Baucau, East Timor

All the other beach goers had been eaten by a large crocodile.

There was only one room (in one hut) to stay on the whole beach in Bacau (in fact, about four beaches). So, I had the beach and water all to myself - although the large man-eating crocodile in the water that I only learned about when I was leaving probably kept the locals away.

Nilaveli, Sri Lanka

Fishing boats from a nearby village.

When I went to Nilaveli Beach Resort (near Trinomalee on the north-eastern coast of Sri Lanka) for my book 'I'm not eating any of that foreign muck', the gorgeous palm-fringed beaches were empty. Although that probably had a lot to do with the fact that the famous Sri Lankan football team 'The Tamil Tigers' were still running amok. There was a couple of other resorts way up the beach, but they were burnt out shells after had been blown up by the Tamil Tigers. Sure was nice having the beach to ourselves, though.

Pelican Beach, Australia

I didn't take this pic, but wanted to show the scale and beauty of the 'island'.

Pelican Beach is actually a tiny island about twenty minutes by boat from Hervey Bay in Queensland. My brother Bruce (along with his family) took me and my daughter Jasmine out there on the way to Fraser Island. And, best of all, we had the entire island to ourselves. I could wax lyrical about the perfectly white sand and perfectly aqua water, but I think these photos will give you a good idea how simply stunning it is.

Blue Lagoon, Malta

Just getting one boat in the pic is impressive - by lunch time there are dozens of them.

Boatloads of day-trippers pour into Blue Lagoon on the island of Comino (two islands across from Malta), but because I was staying at the only hotel on the island I got up ridiculously early (for someone on holidays) to have it to myself for a couple of hours. And yes, the water is as iridescent blue as the pic.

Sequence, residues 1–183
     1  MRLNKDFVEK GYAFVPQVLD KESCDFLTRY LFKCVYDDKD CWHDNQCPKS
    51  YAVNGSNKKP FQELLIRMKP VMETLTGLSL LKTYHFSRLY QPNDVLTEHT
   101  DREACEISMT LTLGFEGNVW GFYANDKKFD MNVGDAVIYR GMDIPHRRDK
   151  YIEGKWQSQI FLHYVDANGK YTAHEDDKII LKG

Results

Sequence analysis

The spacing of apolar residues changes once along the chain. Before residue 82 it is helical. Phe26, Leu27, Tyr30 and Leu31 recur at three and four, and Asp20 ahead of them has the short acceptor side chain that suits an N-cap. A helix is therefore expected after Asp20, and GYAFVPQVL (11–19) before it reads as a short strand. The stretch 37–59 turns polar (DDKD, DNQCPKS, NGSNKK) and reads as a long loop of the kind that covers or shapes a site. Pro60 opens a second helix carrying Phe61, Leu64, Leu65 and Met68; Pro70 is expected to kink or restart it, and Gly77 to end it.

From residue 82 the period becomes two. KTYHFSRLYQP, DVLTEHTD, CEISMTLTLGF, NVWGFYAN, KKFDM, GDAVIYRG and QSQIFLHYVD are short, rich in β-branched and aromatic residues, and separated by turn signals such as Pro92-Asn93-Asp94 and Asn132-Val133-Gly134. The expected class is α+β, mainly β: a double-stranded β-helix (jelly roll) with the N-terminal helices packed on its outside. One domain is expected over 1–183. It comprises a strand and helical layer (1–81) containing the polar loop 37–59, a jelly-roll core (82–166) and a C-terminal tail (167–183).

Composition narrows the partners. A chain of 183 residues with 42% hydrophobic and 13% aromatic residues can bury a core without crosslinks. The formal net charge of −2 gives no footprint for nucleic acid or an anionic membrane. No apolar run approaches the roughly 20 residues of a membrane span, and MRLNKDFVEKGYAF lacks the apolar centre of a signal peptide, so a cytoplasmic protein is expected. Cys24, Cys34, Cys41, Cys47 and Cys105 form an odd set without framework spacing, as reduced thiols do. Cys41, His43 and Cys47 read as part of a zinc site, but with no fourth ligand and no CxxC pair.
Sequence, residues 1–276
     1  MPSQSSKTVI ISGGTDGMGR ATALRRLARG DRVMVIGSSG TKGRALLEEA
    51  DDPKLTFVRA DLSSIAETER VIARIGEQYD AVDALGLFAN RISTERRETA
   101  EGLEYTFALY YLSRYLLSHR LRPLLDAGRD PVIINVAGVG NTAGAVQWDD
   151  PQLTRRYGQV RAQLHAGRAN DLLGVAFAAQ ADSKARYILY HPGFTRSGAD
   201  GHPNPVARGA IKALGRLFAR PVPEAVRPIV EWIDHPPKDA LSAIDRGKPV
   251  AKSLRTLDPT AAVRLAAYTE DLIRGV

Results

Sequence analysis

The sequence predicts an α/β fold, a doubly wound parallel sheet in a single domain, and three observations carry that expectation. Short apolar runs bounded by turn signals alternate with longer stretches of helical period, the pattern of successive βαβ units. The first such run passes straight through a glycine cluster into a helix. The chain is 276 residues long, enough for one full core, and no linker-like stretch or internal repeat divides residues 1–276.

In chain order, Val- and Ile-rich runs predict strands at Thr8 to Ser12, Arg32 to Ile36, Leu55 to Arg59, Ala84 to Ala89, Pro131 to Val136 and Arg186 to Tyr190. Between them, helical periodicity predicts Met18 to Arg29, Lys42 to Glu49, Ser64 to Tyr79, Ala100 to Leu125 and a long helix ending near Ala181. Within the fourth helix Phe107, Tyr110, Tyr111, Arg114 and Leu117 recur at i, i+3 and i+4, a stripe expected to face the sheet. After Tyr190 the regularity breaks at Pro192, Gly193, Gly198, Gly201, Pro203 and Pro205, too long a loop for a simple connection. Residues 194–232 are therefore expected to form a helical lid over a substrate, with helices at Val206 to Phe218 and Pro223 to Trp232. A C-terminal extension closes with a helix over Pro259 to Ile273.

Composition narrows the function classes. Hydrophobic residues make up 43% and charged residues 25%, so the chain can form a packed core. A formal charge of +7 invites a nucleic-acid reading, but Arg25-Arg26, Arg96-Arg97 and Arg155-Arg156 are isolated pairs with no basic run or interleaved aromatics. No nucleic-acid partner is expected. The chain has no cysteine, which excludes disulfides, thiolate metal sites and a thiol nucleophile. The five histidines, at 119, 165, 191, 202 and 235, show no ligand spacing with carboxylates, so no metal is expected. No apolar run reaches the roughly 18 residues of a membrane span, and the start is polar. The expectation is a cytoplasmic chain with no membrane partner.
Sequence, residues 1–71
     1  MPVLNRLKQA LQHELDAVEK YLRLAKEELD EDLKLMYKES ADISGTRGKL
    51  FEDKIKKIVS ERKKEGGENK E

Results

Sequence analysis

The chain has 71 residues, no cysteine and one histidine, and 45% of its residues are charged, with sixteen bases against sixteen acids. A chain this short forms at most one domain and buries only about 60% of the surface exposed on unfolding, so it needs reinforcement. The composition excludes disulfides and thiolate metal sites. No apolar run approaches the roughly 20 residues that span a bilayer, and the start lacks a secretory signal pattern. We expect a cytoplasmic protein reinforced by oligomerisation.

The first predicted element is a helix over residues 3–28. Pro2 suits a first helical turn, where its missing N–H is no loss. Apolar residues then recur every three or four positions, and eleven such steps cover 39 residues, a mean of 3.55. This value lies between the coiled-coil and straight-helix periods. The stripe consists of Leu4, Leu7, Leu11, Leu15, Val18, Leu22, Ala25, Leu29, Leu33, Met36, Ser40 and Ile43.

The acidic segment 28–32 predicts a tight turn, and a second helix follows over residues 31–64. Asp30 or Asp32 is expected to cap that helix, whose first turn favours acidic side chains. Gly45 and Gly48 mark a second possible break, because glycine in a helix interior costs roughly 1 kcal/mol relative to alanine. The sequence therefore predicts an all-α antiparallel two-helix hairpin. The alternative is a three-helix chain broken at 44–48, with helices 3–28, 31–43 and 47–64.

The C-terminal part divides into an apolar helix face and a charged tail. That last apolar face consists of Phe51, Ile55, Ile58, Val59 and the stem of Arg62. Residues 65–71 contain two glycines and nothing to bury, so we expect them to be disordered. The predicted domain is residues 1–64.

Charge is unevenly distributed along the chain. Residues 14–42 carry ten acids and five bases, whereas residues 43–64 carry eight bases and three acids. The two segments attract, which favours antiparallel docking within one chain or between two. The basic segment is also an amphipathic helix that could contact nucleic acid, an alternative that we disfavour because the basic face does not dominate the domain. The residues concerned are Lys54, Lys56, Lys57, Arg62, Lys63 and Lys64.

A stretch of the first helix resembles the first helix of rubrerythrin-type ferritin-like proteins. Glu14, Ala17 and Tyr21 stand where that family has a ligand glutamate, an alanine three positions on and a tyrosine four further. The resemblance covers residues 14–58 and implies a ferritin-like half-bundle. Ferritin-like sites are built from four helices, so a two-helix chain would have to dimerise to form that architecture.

Paleokastritsa, Corfu

Fresh clear water and fresh calamari.

Paleokastritsa Beach was the first beach I’d ever seen outside of Australia - on my first ever trip overseas 35 years ago. I went to Corfu with a couple of Antipodean friends from London, and our week long package holiday had us staying by a tiny muddy bay. We didn't complain though - we left cold London and the package holiday, with flights and accomodation, cost us £79 (which was around $AU220 or $US120). We hired scooters to get to Paleokastrista on the other side of the island, and because it was May (and 35 years ago!), there were no crowds. But what made this beautiful beach even more magical was sitting in a quiet taverna right on the beach eating delicious fresh calamari while knocking back a few ouzos.

Lizard Island, Australia

Your own private beach.

Lizard Island is so exclusive that you get your very own beach. You are given a little chug-chug boat and a map and sent to your own beach (there is one for every guest!). You also get fold-out sun beds, a big umbrella and a huge hamper full of food and wine. And you can go to a different beach every day you are there. And yes, it was absolute heaven.

Ipanema Beach, Brazil

Where is the girl from Ipanema?

There certainly are crowds on Ipanema Beach, but boy what a nice crowd – girls wearing barely anything, skilled footballers showcasing their skills and oh so cool Cariocas. And the beach is beautiful, too – particularly at sunset, sitting at a sand-side bar with a tall glass of caipirinha (the local tipple) in hand.

My quest for the perfect beach isn't over yet, though. There are plenty of other amazing beaches out there that I haven’t been to yet (Seychelles, Maldives, most of the Caribbean islands just to name a few). What's your favourite beach?